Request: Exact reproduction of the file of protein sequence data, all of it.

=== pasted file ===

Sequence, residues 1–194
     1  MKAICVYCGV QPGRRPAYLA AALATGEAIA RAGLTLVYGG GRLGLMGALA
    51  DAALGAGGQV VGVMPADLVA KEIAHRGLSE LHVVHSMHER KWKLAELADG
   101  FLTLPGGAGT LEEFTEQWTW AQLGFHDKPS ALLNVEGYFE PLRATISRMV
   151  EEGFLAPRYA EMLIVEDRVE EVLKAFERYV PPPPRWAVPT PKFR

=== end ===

Sequence, residues 1–194
     1  MKAICVYCGV QPGRRPAYLA AALATGEAIA RAGLTLVYGG GRLGLMGALA
    51  DAALGAGGQV VGVMPADLVA KEIAHRGLSE LHVVHSMHER KWKLAELADG
   101  FLTLPGGAGT LEEFTEQWTW AQLGFHDKPS ALLNVEGYFE PLRATISRMV
   151  EEGFLAPRYA EMLIVEDRVE EVLKAFERYV PPPPRWAVPT PKFR